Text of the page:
The Avengers is an upcoming American superhero film produced by Marvel Studios and distributed by Walt Disney Pictures, based on the Marvel Comics superhero team of the same name. It is the sixth installment in the Marvel Cinematic Universe. The film is written and directed by Joss Whedon and features an ensemble cast, which includes Robert Downey, Jr., Chris Evans, Mark Ruffalo, Chris Hemsworth, Scarlett Johansson, Jeremy Renner and Samuel L. Jackson. In The Avengers, Nick Fury, director of the peacekeeping organization S.H.I.E.L.D., recruits Iron Man, Hulk, Thor, and Captain America to save the world from destruction.

Development of The Avengers began when Marvel Studios received a grant from Merrill Lynch in April 2005. After the success of the film Iron Man in May 2008, Marvel announced that The Avengers would be released in July 2011. With the signing of Scarlett Johansson in March 2009, the film was pushed back for a 2012 release. Whedon was brought on board in April 2010 and rewrote the screenplay that was originally written by Zak Penn. Production began in April 2011 in Albuquerque, New Mexico, before moving to Cleveland, Ohio in August 2011 and New York City in September 2011. The film was converted to 3D in post-production.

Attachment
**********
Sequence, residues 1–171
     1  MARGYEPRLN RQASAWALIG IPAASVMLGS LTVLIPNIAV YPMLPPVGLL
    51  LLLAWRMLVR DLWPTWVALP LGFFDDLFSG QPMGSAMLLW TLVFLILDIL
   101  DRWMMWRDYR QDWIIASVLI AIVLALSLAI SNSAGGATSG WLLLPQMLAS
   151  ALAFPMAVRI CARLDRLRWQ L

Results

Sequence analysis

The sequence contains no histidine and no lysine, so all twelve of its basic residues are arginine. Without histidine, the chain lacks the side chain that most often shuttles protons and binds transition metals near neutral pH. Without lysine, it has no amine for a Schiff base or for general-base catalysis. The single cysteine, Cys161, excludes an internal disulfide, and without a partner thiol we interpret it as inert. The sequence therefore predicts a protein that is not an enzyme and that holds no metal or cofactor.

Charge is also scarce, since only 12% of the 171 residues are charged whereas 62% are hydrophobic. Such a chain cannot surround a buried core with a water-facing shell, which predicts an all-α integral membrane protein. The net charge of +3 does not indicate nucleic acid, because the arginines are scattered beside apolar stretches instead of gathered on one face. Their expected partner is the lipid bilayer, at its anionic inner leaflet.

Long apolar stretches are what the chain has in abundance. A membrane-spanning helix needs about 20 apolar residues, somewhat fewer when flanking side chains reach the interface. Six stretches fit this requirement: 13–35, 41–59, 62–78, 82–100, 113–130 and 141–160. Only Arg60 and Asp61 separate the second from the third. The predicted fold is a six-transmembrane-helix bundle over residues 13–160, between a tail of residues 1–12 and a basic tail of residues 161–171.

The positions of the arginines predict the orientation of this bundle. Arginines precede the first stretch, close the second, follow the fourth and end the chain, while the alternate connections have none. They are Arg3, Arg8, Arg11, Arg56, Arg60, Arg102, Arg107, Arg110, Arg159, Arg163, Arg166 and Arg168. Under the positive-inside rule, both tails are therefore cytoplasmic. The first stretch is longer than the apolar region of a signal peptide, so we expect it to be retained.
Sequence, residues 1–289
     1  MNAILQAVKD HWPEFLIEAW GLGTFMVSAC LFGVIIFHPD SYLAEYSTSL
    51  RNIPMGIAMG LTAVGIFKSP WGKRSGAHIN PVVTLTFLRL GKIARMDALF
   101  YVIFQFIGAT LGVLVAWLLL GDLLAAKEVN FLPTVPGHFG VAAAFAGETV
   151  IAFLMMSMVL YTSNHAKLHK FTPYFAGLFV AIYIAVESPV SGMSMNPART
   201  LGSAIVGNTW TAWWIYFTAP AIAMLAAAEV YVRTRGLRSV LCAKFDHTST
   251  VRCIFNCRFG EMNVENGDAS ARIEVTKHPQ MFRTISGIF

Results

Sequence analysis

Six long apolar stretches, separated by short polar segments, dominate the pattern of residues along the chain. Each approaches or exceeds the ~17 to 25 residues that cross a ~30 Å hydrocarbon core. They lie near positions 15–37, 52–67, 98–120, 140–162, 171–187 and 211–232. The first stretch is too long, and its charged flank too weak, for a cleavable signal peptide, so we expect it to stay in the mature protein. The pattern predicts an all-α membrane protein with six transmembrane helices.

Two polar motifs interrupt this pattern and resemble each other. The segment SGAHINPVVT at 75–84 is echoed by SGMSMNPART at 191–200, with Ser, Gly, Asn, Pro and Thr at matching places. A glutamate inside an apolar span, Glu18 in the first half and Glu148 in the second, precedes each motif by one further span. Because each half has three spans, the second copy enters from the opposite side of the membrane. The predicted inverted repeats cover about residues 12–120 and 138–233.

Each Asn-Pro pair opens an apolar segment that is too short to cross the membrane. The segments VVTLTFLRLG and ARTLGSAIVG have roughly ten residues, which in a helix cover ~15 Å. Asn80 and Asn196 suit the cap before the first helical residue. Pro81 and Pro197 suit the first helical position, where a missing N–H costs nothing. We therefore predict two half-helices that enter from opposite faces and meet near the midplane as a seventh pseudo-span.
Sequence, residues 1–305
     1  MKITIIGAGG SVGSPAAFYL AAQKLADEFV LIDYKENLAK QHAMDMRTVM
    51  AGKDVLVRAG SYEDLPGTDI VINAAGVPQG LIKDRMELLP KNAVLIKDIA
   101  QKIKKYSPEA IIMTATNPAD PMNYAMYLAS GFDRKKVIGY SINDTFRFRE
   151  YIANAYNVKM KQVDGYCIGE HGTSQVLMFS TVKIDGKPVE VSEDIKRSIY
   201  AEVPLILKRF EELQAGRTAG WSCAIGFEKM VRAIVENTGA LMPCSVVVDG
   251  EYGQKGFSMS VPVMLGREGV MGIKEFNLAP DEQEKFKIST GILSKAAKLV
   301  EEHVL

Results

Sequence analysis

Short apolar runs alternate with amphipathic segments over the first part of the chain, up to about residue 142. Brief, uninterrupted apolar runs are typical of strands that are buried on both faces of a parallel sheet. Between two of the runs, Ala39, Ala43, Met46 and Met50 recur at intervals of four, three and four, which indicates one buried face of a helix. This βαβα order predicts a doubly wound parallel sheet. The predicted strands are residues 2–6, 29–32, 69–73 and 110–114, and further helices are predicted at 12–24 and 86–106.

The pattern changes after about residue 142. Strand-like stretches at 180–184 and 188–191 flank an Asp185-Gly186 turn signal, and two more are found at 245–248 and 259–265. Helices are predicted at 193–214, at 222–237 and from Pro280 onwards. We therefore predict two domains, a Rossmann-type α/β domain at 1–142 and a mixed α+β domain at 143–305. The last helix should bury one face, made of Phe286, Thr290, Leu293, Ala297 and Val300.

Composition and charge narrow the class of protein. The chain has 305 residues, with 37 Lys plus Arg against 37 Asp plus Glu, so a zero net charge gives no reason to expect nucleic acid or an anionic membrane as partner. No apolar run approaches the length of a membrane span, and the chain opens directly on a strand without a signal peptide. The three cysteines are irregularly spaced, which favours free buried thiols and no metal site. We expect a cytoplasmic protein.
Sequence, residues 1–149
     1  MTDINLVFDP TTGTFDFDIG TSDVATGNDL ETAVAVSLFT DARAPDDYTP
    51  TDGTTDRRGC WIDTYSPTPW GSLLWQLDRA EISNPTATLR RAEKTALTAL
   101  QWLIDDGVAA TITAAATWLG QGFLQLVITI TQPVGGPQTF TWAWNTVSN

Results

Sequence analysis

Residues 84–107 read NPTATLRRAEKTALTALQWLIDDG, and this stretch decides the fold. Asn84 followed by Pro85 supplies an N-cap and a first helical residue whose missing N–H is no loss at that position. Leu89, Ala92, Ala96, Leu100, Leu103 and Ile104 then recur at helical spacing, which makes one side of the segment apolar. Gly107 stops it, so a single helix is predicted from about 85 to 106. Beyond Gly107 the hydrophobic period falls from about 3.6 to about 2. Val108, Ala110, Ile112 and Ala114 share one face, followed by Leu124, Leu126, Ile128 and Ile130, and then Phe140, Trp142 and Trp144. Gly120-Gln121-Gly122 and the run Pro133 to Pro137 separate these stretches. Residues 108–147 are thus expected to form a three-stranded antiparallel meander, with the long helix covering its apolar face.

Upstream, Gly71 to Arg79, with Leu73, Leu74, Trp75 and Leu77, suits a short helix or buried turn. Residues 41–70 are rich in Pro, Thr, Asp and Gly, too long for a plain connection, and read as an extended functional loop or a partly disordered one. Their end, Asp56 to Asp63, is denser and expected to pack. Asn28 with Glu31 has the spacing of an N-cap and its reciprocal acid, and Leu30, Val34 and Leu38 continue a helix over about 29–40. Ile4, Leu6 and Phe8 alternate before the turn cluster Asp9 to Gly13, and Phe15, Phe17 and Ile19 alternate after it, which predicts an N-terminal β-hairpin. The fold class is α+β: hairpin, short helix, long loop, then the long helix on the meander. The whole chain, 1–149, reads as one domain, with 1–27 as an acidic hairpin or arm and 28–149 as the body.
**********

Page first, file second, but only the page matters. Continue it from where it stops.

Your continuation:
The Avengers is scheduled for release on May 4, 2012 in the United States in 2D and 3D.

Running Time: 2 hrs 22 minutes
Release Date: May 4 2012 (USA)
MPAA Rating: PG 13 for for intense sequences of action and violence, some disturbing images, and language
Starring: Robert Downey Jr., Chris Evans, Chris Hemsworth, Samuel L. Jackson, Tom Hiddleston, Cobie Smulders, Jeremy Renner, Clark Gregg, Stellan Skarsgård, Mark Ruffalo, Amanda Righetti, Scarlett Johansson and Lou Ferrigno The Incredible Hulk (voice) .
Directed by: Joss Whedon
Written by: Zak Penn (initial screenplay), Joss Whedon (revised screenplay)